A common denominator with the running backs who have gotten the top deals during the resurgence is their dual threat capabilities. Derrick Henry may become the exception, as he doesn’t add much in the passing game. Henry is more of a traditional ball-carrier from the previous era. Nonetheless, Henry is Tennessee’s best offensive player.

Henry really made his mark in the playoffs during the Titans’ run to the AFC Championship Game after leading the NFL in rushing (1,540 yards) and tying for the league’s most rushing touchdowns last season. He became the first player to ever have two games of at least 180 rushing yards in the same postseason. Henry also set an NFL record for the most rushing yards during a playoff run (not including the Super Bowl) with 446. His 148.7 rushing yards per game this postseason is the fourth-best mark ever in any single postseason.

Titans general manager Jon Robinson is hoping to find common ground with Henry, who was designated a franchise player for $10.278 million, on a long-term deal. Time is running out because July 15 is the deadline for franchise players to sign multi-year contracts. It would be surprising for any long-term deal Henry signs to top Johnson’s 2011 average yearly salary.

Dalvin Cook, who is scheduled to make $1,331,361 in the final year of his four-year rookie contract, vowed last month to hold out unless he gets what he considers a reasonable new deal from the Vikings. I don’t begrudge any running back attempting to take a stand contractually because of the position’s relatively short shelf life, notwithstanding Gore and Peterson’s longevity, but Cook is probably just posturing. A training camp holdout would prevent Cook from getting the fourth year of service towards free agency necessary to become an unrestricted free agency in 2021 should he play out his rookie contract. He would a restricted free agent next offseason under those circumstances. 

The Vikings are reportedly ready to try to bridge the gap with Cook, who had a breakout 2019 season with career highs of 1,135 rushing yards, 1,654 yards from scrimmage and 13 touchdowns, after making an initial offer believed to be well below $10 million per year. A reasonable deal for Cook undoubtedly will be under the $14,213,333 per year in Peterson’s 2011 extension.

The Bengals and Joe Mixon, who is also heading into the final year of his rookie contract, reportedly had discussions about a new deal in the spring. Mixon has posted back-to-back seasons with over 1,100 rushing yards where he ranked in the NFL’s top ten in rushing. Over the last two seasons, Mixon’s 2,305 rushing yards are seventh in the NFL. Just like Cook, Mixon is prepared to hold out absent a new contract. He would be in the same boat as Cook if his rookie contract expires.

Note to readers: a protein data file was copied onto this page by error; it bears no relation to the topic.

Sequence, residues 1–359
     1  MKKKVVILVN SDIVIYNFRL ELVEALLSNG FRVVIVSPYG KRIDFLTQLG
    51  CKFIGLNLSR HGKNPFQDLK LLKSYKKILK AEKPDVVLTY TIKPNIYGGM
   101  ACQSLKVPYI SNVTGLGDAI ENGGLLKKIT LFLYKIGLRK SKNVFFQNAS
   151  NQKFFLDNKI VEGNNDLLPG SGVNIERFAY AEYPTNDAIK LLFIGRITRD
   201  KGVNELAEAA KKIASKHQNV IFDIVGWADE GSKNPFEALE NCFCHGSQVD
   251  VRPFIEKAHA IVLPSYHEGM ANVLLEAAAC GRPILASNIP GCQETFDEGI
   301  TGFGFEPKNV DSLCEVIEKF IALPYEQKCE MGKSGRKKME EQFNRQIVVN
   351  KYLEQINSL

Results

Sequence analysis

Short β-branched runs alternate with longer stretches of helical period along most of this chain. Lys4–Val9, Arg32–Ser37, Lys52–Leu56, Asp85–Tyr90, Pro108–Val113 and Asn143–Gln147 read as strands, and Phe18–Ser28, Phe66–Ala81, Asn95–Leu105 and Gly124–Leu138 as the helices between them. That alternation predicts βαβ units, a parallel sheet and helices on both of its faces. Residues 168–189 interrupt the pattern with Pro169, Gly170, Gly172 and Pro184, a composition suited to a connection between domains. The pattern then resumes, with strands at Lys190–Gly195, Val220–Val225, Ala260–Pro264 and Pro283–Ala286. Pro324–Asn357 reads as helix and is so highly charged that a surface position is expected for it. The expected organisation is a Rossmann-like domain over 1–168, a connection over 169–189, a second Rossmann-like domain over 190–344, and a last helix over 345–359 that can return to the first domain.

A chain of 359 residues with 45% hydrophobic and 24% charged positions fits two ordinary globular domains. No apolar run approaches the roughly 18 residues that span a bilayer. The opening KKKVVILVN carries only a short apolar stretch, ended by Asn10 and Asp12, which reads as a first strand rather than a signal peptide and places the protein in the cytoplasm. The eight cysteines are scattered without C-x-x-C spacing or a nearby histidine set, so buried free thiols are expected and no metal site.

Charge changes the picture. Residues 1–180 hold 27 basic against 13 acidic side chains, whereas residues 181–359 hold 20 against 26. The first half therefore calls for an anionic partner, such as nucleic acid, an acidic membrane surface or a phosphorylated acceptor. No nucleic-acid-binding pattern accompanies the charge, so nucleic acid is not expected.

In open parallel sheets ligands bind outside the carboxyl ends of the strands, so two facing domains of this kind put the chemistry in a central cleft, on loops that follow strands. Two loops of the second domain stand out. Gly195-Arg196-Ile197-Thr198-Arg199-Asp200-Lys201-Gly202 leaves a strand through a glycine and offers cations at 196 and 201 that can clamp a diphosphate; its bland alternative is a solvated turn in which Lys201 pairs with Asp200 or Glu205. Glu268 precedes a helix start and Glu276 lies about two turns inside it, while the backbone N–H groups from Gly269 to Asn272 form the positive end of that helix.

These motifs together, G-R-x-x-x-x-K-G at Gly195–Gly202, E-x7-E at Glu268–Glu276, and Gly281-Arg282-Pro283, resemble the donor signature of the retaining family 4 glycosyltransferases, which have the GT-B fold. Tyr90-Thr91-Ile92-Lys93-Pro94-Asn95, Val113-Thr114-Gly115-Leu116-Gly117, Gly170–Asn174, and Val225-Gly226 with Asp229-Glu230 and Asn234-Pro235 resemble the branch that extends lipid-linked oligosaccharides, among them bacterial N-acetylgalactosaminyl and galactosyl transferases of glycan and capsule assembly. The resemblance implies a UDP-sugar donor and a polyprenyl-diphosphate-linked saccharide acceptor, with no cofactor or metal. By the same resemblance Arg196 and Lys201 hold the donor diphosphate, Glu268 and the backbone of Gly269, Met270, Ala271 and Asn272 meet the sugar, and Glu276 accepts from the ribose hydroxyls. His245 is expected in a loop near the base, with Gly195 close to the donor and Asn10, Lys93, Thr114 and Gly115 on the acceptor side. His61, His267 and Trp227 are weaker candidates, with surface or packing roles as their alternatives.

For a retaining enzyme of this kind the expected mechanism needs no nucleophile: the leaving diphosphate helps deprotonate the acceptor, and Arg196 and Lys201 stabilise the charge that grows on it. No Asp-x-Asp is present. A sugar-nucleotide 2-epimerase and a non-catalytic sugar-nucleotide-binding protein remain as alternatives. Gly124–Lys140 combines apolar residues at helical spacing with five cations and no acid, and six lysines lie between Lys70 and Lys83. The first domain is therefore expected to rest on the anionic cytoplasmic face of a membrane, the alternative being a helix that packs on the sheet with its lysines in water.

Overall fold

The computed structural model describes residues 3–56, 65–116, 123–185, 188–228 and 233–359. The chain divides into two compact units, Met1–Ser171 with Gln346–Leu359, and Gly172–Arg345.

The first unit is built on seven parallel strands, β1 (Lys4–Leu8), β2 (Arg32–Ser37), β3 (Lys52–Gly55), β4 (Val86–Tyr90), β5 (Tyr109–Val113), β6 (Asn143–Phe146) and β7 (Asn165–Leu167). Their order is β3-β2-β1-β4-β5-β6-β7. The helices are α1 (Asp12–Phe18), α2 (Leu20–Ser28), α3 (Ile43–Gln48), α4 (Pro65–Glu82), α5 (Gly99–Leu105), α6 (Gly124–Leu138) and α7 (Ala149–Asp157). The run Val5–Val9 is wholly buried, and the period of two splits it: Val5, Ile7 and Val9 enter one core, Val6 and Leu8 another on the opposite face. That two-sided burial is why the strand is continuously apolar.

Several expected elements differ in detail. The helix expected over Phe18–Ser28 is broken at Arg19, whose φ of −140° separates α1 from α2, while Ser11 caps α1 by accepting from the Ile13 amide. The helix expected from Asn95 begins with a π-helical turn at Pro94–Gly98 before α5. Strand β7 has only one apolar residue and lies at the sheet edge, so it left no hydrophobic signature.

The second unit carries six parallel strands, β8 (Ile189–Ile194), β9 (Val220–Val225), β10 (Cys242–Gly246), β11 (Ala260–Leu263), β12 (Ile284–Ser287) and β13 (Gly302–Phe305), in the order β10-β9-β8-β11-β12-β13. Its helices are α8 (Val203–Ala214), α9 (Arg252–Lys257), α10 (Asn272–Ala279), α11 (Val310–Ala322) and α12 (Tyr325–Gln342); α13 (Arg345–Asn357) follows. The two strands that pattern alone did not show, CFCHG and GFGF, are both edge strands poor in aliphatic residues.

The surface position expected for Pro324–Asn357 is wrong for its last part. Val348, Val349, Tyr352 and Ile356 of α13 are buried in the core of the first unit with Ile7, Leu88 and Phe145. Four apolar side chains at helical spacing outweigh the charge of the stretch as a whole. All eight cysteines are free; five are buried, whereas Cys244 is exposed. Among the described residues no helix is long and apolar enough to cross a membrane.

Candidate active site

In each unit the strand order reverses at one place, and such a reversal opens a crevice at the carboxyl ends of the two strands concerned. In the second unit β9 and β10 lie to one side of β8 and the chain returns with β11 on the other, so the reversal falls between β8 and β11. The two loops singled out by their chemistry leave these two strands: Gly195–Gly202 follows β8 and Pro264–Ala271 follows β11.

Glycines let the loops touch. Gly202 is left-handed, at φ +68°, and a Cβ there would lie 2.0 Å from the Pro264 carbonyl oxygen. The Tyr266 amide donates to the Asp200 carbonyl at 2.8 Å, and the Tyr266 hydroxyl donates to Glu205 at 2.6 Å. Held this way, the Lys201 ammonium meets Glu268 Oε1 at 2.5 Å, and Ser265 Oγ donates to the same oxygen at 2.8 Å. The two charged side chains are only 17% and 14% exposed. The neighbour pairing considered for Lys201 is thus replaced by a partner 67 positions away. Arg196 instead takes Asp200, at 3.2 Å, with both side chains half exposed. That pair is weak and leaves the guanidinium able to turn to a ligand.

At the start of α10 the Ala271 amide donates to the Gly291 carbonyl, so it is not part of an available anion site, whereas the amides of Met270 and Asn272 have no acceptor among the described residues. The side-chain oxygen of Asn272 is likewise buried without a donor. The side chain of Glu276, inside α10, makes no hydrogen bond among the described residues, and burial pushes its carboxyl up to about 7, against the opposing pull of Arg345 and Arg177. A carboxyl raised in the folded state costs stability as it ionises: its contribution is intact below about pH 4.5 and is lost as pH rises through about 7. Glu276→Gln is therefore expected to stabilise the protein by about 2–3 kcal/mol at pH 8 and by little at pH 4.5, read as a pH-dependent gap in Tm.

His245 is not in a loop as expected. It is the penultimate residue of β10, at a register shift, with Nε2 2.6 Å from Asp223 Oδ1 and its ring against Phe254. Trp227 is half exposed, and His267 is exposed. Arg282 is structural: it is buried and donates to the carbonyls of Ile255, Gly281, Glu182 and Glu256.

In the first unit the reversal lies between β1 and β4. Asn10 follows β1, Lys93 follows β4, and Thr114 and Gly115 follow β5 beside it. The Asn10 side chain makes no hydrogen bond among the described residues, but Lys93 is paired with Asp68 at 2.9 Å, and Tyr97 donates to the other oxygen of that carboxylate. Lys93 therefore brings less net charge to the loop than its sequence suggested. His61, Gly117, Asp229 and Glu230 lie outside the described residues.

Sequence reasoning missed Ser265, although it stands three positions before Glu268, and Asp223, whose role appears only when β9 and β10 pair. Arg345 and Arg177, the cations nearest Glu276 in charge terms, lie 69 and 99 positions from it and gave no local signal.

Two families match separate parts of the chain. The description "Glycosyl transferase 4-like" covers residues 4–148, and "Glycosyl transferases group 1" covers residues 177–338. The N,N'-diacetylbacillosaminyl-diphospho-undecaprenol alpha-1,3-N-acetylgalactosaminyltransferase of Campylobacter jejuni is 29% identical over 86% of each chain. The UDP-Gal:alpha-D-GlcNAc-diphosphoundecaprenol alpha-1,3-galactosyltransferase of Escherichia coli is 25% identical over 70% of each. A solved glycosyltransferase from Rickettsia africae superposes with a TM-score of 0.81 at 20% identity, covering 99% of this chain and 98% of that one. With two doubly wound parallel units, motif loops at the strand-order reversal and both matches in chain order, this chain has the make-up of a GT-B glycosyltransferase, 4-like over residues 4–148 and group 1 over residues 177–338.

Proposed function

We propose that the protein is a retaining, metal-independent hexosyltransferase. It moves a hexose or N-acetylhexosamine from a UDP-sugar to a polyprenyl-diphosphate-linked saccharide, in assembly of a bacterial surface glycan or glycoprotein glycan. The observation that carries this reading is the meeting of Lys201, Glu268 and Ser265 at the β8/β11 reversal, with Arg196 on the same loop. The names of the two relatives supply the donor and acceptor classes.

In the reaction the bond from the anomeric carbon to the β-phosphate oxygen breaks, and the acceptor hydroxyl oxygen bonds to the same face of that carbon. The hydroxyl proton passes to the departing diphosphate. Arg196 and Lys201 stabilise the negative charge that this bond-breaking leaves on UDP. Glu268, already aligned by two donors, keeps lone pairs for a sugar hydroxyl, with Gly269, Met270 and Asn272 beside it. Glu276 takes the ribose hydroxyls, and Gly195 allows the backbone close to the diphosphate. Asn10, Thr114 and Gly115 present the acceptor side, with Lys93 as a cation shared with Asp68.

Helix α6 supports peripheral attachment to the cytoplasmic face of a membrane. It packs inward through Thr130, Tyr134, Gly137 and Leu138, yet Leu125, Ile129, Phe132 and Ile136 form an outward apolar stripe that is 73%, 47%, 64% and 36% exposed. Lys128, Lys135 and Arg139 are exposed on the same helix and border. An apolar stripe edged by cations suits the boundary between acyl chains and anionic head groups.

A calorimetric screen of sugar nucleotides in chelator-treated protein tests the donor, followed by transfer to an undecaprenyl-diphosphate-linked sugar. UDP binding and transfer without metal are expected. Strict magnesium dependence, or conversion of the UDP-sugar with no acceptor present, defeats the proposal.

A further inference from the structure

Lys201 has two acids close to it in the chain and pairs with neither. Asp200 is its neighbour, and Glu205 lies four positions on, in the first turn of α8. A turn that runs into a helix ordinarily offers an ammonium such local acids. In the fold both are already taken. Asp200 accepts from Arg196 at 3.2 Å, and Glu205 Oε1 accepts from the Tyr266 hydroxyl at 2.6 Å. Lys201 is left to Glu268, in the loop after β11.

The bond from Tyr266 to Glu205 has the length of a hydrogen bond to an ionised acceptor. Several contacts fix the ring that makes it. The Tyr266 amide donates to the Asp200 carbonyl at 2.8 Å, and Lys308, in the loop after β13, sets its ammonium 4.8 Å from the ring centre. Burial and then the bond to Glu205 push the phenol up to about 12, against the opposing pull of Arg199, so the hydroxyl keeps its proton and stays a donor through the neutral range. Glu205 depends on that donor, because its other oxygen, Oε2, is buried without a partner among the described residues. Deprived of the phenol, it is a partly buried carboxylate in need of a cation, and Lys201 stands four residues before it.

Saints running back Alvin Kamara is one of the most interesting cases in the league. Conventional wisdom suggested that Mark Ingram’s departure to the Ravens in free agency last offseason would lead to an increased workload for the supremely talented Kamara, but the 2017 NFL Offensive Rookie of the Year was slowed by knee and ankle problems. The Saints offense didn’t really miss a beat with Latavius Murray shouldering the load in the two games Kamara missed last season. Coming off an injury-plagued season and heading into a contract year isn’t the ideal circumstance for a big payday. Nonetheless, Kamara’s 243 receptions in his three seasons are the second most ever for a running back through his first three NFL years behind McCaffrey’s 303. His 4,476 yards from scrimmage since 2017 are the league’s fifth most during this span.

Chris Carson (Seahawks), James Connor (Steelers), Leonard Fournette (Jaguars), Aaron Jones (Packers) and Marlon Mack (Colts) will also have expiring rookie contracts after the 2020 season. The COVID-19 pandemic could lead to an increased number of running backs in free agency next year since teams are being more cautious in signing core players to new contracts with league revenues expected to drop and impact the 2021 salary cap due to games potentially being played in empty stadiums or in front of limited fans. A surplus of available of running backs could result in rude awakening financially for some on the open market.

Final thoughts

None of the running backs mentioned are expected to surpass McCaffrey’s deal, but 2018 NFL Offensive Rookie of the Year Saquon Barkley is the best bet to raise the salary bar for running backs. He will be eligible for an extension at the conclusion of the 2020 regular season. The odds of Barkley becoming one of the league’s highest paid non-quarterbacks is quite remote.

Barkley had a league-best 2,028 yards from scrimmage as a rookie in 2018 but was slowed by a high ankle sprain last season. He still had 1,003 rushing yards last season despite missing three games. The Giants won’t have to contend with paying Barkley while a high-priced quarterback is already on the books, as 2019 sixth overall pick Daniel Jones will be entering the third year of his cost-effective rookie contract in 2021.  

There’s a competing school of thought in the NFL that a team should avoid giving a running back an extremely lucrative second contract unless he’s a special talent. It may gain more traction if the running backs paid at the highest level continue to underperform. The preference under this philosophy is to go year-to-year with a fifth-year option, when applicable, and use franchise or transition tags until no longer economically feasible. Simultaneously, an attempt to find a suitable replacement in draft is made either toward the end of the rookie contract or while the veteran is playing under a designation. This protects against overpaying while a running back is in his late twenties when he is likely to be in decline because of high mileage.